What I expect him to do is to work with the country’s creditors and re-negotiate the country’s debts. This could be through reducing the interest rates to reduce debt servicing cost. Do you know that this year alone, the Gambia is paying D7.7B as debt services, which is 57% of the country’s domestic revenue? Having that in mind, why would any sane person increase the debt burden on the country?He could also arrange the deferment of the debt payments to creditors. Although this is not ideal as future generations will shoulder the burden, it will however ease the pressure on the meagre resources the country has in the short term. There are plenty of ways to deal with this menace but having a minister who is idea bankrupt means we resort to borrowing only. I expected the minister to work with the Central Bank and reduce interest rates, encourage commercial banks to support businesses through issuing more loans, giving people and business loan repayment holidays, deferring infrastructural development spending etc.
I recommend that the minister steps down and tell the president that he is not fit to head the finance ministry. I also recommend that National Assembly summon him through telephone conference; to minimise physical contact and ask him difficult questions around his figures. They need to ask him to provide more detail on the D62B pledges, what he is going to do with the excess borrowing, what his plans are to support hospitality businesses who will be most impacted, what the government will do if people are to stay at home. How many people in the Gambia can work from home if the situation warrants it? These are pertinent questions that need urgent answers.
I did not want to respond to the finance minister’s statements he made before the national assembly due to the enormity of the impact of Coronavirus on people’s lives and on world economies, but my conscience cannot let me keep quiet. It is so sad to see that people are loosing their jobs and livelihoods because they have been told to stay at home whilst those of us who can work from home or anywhere there is an internet connection continue to earn our livelihoods. My response is also necessitated by a letter template I saw on WhatsApp forums yesterday purportedly from the Anti-Crime unit of the Gambia Police Force.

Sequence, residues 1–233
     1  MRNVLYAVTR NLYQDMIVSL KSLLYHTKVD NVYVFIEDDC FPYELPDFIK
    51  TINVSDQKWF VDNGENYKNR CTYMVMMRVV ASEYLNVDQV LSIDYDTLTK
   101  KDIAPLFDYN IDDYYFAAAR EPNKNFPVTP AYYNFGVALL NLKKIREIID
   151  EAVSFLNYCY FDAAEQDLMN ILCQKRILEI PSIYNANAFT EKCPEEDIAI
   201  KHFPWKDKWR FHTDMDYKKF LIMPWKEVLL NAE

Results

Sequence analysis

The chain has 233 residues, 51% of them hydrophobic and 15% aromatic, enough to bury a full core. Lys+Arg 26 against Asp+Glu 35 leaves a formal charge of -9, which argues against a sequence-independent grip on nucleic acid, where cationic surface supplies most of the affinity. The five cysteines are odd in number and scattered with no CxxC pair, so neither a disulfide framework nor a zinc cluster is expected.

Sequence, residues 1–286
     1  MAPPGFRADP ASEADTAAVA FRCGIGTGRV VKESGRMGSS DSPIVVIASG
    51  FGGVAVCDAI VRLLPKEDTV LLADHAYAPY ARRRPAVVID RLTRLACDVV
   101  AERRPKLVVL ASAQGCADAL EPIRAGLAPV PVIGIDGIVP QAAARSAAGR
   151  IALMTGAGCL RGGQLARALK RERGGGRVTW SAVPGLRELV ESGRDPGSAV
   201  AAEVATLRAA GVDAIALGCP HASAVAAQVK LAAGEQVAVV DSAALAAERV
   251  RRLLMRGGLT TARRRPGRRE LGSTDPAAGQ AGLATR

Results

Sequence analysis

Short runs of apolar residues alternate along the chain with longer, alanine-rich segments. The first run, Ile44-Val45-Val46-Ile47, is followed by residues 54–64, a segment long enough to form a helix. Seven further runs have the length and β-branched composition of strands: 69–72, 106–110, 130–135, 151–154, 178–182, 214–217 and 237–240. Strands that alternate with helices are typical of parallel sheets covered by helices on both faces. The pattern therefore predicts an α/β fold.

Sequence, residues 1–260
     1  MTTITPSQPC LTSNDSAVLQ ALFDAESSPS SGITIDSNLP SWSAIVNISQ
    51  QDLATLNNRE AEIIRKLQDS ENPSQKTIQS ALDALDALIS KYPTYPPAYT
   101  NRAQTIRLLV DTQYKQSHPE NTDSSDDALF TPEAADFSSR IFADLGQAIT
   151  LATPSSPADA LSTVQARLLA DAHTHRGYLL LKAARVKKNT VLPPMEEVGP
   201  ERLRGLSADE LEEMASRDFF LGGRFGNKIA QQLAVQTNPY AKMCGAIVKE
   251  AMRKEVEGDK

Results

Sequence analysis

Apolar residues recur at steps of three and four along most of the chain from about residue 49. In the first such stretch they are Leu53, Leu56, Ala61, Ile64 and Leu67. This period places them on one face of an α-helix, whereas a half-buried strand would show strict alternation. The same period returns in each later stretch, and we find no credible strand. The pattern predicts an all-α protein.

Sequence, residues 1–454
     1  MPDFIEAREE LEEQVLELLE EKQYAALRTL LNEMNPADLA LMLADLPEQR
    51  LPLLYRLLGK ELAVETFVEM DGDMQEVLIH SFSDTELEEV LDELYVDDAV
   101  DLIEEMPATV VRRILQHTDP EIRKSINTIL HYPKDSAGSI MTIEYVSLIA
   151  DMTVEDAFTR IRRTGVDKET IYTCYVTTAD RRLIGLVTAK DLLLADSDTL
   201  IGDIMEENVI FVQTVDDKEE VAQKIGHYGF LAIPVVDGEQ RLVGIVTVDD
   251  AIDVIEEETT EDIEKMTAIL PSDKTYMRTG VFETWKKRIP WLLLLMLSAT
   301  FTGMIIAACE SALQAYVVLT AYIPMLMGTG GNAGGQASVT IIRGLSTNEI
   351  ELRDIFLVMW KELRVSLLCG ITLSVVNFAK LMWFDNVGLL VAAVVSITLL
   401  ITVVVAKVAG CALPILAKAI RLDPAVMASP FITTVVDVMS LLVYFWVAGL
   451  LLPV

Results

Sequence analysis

This letter template says that bars, night clubs, brothels must close until further notice. “Failure to comply with this order will result to forcefully closure and court action”. I get it that we are in difficult times and I understand that we should all endeavour to practice social distancing. However, we need to be careful that this situation is being exploited by the government to institute dictatorship. Imagine; Public gatherings – Banned! Loomos – Banned! Conferences – Banned! Gaamos – Banned! I won’t be so much concerned if the government advised people to refrain from these activities but out right banning it without a state of emergency sounds dictatorial to me.
I am not a constitutional or legal expert so I need help from brother Madi Jobarteh and others to understand under which section of the constitution or the laws of the Gambia have the Anti-Crime unit has the power to force people to close their businesses without the president declaring a state of emergency? This is how dictatorships develop and we must all tell the government that this is not the way we want to be governed. We expect the government to work with us and support us rather than applying the us and them philosophy. Can anyone see what I am seeing or am I being dumb? Back off Anti-Crime!!! There is NO us and them, we are all in this together so review your letter and start over again.
Nuha Ceesay FCCA, MSc (Merit)
Leeds, United Kingdom